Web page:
Avista: Enron used us
Spokane company says it learned from testimony in California that its trades involved Death StarJune 28th, 2002
After first claiming that it had no record of involvement in suspect power-trading schemes, Avista Corp. has told the U.S. government that it was used by Enron Corp. in the Death Star power-trading strategy in April, May, and June 2000.
Avista made the assertion in its June 14 response to an order from the Federal Energy Regulatory Commission (FERC) to show why the power-trading license of its Avista Utilities subsidiary shouldnt be revoked for failure to comply with an earlier demand for information.
Referring to 17 trades FERC had questioned, Avista said, To the extent that any company engaged in a trading strategy behind the specified transactions, that company was Enron, engaging in the practice identified (by FERC) as Death Star.
FERC, in its request for information, had defined the Death Star trading strategy as scheduling electricity transmissions in the opposite direction of congestion, but no energy is actually put onto the grid or taken off the grid. This allows the company to receive congestion payments from the Cal ISO, or California Independent System Operator, which manages the electricity supply for much of California.
Avista traders, in recorded telephone conversations with Enron traders, asked repeatedly whether they needed to arrange transmission of power Enron wanted Avista to buy and then resell to Portland General Electric, an Enron subsidiary, Avistas response to FERC says.
Avista maintains that Avista Utilities, which handled the trades, was unaware of Enrons intent to use the Death Star strategy and did not participate in the Cal ISO congestion markets.
Meanwhile, last Friday Avista Corp. said it had received a subpoena from another federal agency, the U.S. Commodity Futures Trading Commission, seeking, among other things, records related to any roundtrip, or wash, trading practices, in which a company both buys and sells power at the same time for the same price, inflating its trading activity and revenue. Avista said it will cooperate, but doesnt engage in such trading.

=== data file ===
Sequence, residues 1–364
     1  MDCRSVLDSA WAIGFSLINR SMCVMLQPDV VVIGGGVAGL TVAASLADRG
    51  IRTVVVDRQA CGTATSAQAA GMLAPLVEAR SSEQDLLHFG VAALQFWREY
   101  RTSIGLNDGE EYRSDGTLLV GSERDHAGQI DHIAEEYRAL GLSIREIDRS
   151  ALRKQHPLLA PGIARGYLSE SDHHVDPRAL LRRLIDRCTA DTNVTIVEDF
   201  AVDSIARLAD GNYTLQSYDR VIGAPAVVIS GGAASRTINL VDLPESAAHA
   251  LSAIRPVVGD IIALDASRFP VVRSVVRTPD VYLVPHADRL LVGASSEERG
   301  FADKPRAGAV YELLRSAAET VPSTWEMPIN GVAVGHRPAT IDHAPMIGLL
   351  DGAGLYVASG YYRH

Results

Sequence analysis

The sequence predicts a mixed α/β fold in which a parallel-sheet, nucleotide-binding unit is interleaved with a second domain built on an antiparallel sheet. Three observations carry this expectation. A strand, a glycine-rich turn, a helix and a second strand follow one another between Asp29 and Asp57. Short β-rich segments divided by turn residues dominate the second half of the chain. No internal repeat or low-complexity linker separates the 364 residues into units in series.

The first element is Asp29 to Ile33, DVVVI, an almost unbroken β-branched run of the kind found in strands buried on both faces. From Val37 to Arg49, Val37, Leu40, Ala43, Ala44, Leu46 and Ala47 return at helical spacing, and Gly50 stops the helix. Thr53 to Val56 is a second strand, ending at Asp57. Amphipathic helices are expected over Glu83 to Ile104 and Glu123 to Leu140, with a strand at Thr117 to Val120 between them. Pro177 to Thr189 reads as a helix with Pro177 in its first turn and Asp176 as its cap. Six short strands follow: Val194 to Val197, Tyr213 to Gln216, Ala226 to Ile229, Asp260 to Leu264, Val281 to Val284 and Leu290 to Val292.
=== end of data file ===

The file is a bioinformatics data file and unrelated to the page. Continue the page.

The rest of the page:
Avista spokesman Hugh Imhof says Avista made its June 14 response to FERC after it conducted exhaustive scrutiny of trading logs, listened to and transcribed hundreds of hours of audiotapes of trades, and had the Washington, D.C., law firm of Van Ness Feldman, which specializes in FERC issues, go over the information.
Avistas response, signed by a Van Ness Feldman attorney, says, The exhaustive investigation shows that Avista Utilities was used by Enron and was no more a participant in Enrons trading than was the Cal ISO itself.
In a June 4 order in which it threatened to revoke power-trading licenses, FERC jolted Avista, Portland-based Portland General Electric (PGE), which is an Enron subsidiary; El Paso Electric Co., of El Paso, Texas; and Williams Energy Marketing & Trading Co., of Tulsa, Okla.
Avista had told FERC on May 22 that it didnt have information pertaining to Enrons ricochet trading strategy, but FERCs June 4 order said transcripts provided by PGE reveal that Avista personnel were indeed actively involved in such transactions with Enron as well as Portland. Through ricochet trading, price-controlled power was sold out of California to buyers who would sell it back to the original sellers, which would then sell the power in California at a higher profit after it was no longer subject to price caps.
Avista says it received a letter from PGE on May 17, five days before it made its first response to FERC, advising Avista Utilities that PGE intended to disclose documents indicating that Avista Utilities may have been involved in ricochet trading. Avista says PGEs letter prompted it to step up its efforts to find material relevant to the Enron trading strategies, but it turned up no evidence.
Avista also denied in its May 22 response that it had information related to the Death Star strategy. Then, in its June 14 response to FERC, Avista said that until June 5, when it received trading transcripts from PGE, it couldnt determine what transactions PGE was referring to in its May 17 letter.
Even with those transcripts, the Enron scheme was not clear, Avista says.